– Terry Day formed the London Improvers Orchestra and played with Peter Cusack, Steve Beresford and scored films such as Summer (1984).
– Davey, Charlie and several other members outed for a few concerts as the more melodious Mummy.
– Paul Jolly played with Maggie Nicols and founded the label 33jazz records
– Charlie Hart played with The Kilburns, Ronnie Lane’s Slim Chance, The Battered Ornaments and Wreckless Eric and wrote for films. Davey Payne played with The Kilburns, Wreckless Eric, The Blockheads and many other artists. Charlie is currently touring the UK with Slim Chance,’ reformed but unrepentant’ as their motto says.
– Davey has not been a Blockhead full time since 1998 but as the Blockheads celebrate their 35th year as a band and are performing through the year around the UK, Davey joins them on occasion.
– Mike Figgis diversified into film and art. He has produced many films including Stormy Monday (1989) where some of The People Band appeared as The Krakov Jazz Ensemble. Mike’s other film credits include Internal Affairs (1990), Leaving Las Vegas (1995), Timecode (2000), Love Live Long (2008) and he also directed an episode of The Sopranos. He is also known for his photography and is a musician of note. He was the keyboard player in Brian Ferry’s original band and is probably now seen as the driving force behind The People Band – not in the traditional sense of being their ‘leader’ – the People Band is made up of musicians of such talent they are unlikely for one moment to be led- but because of his influence and position, he can arrange art events which have allowed The People Band to achieve a higher recent profile than might otherwise have happened.
Davey Payne- sunglasses, 3rd from right at back With the Blockhead ‘family’ last summer.
‘ The People Band’, 60s exponents of free form art, played regularly in Europe and the UK. Since then, free form has taken rises and falls in popularity but now the free players are enjoying a resurgence. Davey Payne, Kilburn, Blockhead and free player was part of the group.
Davey says now, ‘Thirty years later we have come together with Mike Figgis , doing gigs at Cafe Oto, the new Vortex , The Kings Place and a Mike Figgis Weekend at the Royal Opera House’. The People Band are back.
The projects at Cafe Oto and Kings Place late last year went well and the weekend at the Royal Opera House consisted of films, talks and musicians with The People Band acting as House Band, playing on and off throughout the event and finishing with a finale where they took one half of the space and an orchestra the other. Reviews were mixed. One reviewer said she had to go to the bar to, ‘escape the noise of the People Band – a furious free jazz ensemble blowing cobwebs from the building’. Another wrote that the finale can only be described with one word – ‘spectacle’- with The People Band on one side of the stage, the Opera House Orchestra on the other and Mike Figgis changing from curator of the event to director. Whichever way you look at it, though, the music is what affects people. Whether you like what they play is another matter but a guarantee is that you will remember the performance.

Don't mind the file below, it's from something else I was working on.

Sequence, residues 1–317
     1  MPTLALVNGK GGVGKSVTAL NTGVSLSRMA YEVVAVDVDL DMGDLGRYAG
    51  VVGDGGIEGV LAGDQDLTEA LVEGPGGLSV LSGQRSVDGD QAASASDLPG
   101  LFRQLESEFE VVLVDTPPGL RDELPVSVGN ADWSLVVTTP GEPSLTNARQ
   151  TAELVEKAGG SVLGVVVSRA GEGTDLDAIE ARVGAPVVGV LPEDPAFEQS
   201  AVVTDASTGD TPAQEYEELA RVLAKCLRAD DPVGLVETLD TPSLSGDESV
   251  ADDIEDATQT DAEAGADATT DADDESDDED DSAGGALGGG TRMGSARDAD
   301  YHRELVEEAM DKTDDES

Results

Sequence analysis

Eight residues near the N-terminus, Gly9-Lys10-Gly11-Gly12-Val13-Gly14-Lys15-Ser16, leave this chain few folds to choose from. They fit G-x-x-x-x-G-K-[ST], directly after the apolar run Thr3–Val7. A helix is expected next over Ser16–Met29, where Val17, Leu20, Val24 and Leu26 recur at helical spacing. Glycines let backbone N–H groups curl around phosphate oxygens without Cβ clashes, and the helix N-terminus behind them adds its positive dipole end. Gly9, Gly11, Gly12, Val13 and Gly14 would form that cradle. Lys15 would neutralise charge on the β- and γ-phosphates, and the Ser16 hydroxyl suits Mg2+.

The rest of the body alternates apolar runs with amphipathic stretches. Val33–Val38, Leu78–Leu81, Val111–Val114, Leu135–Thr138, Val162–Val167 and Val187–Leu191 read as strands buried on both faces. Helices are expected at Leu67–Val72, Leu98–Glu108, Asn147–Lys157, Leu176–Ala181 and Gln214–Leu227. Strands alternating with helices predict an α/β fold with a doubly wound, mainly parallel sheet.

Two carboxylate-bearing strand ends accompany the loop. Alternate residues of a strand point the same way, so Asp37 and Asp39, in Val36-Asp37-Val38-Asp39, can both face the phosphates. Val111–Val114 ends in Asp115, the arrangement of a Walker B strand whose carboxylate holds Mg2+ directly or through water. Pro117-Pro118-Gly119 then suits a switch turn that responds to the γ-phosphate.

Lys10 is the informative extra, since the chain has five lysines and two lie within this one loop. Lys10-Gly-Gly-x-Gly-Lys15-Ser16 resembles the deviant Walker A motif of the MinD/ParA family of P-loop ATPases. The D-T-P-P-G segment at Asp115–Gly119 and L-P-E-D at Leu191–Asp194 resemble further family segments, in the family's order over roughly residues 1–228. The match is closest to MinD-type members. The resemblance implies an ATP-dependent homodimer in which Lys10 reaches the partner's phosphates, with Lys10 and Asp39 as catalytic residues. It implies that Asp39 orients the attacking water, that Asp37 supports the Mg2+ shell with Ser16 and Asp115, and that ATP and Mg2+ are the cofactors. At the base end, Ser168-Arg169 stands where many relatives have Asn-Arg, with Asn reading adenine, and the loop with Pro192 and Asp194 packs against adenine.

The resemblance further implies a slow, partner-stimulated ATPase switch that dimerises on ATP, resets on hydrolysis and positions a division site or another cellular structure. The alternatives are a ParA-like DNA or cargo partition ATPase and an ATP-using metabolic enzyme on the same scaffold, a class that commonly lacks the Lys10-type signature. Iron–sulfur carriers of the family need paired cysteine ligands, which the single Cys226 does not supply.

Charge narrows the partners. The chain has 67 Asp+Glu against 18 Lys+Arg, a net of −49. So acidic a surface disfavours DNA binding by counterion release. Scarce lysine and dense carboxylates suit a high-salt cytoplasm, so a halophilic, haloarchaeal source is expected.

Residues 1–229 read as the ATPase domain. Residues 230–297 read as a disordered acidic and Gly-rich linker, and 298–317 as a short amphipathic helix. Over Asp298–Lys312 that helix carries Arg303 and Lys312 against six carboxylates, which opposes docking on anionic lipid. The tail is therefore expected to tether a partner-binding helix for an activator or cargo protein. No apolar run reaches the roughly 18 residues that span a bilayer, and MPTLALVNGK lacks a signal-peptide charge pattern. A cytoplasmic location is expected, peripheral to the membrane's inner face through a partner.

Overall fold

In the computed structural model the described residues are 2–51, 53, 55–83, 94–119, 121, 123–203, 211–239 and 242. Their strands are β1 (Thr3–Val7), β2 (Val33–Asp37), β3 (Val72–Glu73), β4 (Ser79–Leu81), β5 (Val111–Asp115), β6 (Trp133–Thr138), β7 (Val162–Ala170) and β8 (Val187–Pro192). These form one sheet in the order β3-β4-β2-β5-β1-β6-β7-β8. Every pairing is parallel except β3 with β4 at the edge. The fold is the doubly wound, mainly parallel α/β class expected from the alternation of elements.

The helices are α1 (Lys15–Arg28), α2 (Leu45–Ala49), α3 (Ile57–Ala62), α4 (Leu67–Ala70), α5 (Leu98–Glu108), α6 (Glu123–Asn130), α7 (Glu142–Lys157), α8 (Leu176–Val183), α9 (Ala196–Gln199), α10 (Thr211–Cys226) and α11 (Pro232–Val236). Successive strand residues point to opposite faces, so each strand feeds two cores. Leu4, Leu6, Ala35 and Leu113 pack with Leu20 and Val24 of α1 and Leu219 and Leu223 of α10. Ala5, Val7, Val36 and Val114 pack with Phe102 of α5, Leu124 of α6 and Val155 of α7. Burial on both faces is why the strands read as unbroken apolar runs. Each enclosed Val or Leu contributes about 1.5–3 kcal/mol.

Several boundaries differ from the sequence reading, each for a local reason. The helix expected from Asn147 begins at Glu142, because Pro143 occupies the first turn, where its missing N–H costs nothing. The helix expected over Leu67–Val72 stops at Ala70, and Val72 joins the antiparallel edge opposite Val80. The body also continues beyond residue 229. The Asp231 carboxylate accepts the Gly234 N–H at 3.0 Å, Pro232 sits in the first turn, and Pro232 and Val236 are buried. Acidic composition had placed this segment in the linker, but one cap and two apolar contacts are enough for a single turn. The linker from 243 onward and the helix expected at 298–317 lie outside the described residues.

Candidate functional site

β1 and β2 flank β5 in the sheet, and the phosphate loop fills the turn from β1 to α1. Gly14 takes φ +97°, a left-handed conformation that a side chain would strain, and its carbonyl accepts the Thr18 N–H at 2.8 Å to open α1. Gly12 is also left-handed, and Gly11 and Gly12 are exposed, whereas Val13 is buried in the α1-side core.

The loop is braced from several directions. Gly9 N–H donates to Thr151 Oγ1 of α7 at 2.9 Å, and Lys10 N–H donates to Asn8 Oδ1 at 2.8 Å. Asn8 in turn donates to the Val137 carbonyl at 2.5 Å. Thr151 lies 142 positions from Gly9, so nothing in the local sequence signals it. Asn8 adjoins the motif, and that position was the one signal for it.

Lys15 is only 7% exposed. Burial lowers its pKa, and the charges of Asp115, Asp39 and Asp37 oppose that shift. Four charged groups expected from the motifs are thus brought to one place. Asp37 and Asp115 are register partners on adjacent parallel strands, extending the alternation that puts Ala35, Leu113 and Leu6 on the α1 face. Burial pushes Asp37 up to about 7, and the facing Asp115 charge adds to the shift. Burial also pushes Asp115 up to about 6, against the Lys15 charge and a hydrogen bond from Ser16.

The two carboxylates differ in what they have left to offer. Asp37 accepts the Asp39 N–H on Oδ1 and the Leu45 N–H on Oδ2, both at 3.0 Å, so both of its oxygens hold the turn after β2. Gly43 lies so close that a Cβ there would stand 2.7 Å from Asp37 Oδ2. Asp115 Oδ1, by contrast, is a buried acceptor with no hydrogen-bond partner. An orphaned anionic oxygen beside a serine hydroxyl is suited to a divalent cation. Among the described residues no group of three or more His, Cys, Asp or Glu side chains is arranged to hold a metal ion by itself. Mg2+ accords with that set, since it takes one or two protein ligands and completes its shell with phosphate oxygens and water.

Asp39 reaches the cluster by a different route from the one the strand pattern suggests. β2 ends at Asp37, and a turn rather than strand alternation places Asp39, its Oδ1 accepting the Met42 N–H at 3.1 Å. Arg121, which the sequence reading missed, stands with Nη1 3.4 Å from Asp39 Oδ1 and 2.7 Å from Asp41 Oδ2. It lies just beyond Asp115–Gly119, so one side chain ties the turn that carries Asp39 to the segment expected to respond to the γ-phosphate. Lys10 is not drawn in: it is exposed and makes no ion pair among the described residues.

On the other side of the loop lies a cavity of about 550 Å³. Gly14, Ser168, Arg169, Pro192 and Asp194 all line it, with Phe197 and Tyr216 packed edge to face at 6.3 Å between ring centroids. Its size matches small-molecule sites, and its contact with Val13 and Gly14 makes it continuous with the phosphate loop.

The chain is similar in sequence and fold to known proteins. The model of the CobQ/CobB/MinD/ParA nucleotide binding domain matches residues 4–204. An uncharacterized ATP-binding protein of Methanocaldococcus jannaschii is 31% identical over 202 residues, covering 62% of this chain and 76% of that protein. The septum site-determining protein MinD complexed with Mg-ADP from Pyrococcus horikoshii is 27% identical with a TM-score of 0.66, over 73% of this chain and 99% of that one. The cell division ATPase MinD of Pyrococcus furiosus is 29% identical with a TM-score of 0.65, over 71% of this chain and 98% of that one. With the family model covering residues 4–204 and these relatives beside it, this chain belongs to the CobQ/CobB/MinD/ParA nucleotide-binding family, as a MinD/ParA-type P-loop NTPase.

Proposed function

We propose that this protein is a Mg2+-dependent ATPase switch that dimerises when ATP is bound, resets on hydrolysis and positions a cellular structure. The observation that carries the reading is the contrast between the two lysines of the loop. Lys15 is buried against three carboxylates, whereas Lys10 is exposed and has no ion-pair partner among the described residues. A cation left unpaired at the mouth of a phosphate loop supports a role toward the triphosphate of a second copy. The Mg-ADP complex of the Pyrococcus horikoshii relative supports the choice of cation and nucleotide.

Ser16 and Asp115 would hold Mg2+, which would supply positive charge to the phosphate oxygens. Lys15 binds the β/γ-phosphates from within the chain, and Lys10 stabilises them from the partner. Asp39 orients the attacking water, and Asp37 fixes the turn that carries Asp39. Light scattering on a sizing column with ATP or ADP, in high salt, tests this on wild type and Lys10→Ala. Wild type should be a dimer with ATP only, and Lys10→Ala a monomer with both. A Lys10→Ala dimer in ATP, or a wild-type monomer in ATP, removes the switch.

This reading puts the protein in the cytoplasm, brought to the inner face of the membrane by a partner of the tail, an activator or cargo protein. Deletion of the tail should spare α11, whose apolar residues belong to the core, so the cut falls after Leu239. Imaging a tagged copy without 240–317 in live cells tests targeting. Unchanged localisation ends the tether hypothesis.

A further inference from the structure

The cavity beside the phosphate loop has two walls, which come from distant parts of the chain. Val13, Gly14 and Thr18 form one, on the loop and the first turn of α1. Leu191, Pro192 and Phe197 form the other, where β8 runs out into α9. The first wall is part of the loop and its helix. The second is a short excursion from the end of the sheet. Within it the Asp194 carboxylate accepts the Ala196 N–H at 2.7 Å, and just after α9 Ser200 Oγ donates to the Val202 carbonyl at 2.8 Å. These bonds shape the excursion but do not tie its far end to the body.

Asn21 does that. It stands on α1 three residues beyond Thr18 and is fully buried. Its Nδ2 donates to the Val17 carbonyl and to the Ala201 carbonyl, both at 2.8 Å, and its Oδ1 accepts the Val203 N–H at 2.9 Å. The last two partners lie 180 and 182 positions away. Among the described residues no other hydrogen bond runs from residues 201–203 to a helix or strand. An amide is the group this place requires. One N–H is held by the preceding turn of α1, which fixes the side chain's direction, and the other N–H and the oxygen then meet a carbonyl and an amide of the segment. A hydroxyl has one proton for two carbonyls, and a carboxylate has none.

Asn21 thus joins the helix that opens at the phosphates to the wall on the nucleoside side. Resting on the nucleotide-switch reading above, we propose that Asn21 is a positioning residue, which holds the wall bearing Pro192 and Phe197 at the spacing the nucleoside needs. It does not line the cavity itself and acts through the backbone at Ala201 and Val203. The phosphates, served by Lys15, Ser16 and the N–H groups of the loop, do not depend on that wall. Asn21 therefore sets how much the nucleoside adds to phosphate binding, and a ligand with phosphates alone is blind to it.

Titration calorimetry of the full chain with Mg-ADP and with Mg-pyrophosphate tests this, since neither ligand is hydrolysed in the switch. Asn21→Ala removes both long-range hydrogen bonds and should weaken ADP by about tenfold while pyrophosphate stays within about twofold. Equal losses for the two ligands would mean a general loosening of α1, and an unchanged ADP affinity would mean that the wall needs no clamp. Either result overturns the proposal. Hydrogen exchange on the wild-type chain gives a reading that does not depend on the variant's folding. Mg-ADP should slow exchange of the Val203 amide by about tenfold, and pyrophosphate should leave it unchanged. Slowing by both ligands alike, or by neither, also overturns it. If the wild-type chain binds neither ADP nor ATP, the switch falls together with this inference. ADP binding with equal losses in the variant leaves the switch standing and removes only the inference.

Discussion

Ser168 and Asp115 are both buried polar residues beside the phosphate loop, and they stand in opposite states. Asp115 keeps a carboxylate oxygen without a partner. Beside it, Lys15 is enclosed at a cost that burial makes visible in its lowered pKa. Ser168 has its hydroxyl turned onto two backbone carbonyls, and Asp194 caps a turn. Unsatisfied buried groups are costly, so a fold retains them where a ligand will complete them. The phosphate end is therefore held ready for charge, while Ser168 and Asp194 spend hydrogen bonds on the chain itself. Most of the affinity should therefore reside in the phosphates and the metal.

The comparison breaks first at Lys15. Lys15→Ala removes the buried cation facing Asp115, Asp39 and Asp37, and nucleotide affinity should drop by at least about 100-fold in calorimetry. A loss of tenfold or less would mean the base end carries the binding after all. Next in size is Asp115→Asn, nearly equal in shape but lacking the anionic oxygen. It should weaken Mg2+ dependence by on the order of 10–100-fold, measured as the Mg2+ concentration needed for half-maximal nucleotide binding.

The People Band today is made up of a multi-talented core of musicians including Mike Figgis guitar and pocket trumpet, Paul Jolly, bass clarinet, sax and flute, Davey Payne saxes and flutes , Mel Davis, piano and percussion, Charlie Hart guitar and violin, Terry Day drums, reed pipes, George Khan, the actor and foremost saxophone player (Davey’s words), has appeared back with the band since Mike Figgis rekindled the flame and a fluid membership of other musicians.
Words used in the past to describe The People Band’s playing include ‘visceral, free wheeling, forceful and anarchic’ and all of these are true but what makes a People Band performance special is that the musicians do not stick to the tune but rather, the music takes on a life of its own, invading the spirit and souls of performers and listeners alike. The audience are encouraged to take part should the muse take them. Instruments are swapped, players mingle with the crowd and the music takes the lead.
With root chords to guide, players come in or fall silent as the music takes them, one moment blowing a complicated sax riff, the next tapping out a simple rhythm on a tambourine. Yet, all have an innate understanding of where the piece is going.
Unfettered by convention of traditional rhythms, tempos or dynamics, the players are led by the spirit of jazz who joins them on stage, as an invited extra band member; tempting, cajoling, pushing, getting them to over blow to get more notes, creating music of teeth- crunching discords working alongside sublime and divine sweetness, yet all working together to explore every avenue of jazz – this is free form and long may The People Band bring it to the masses.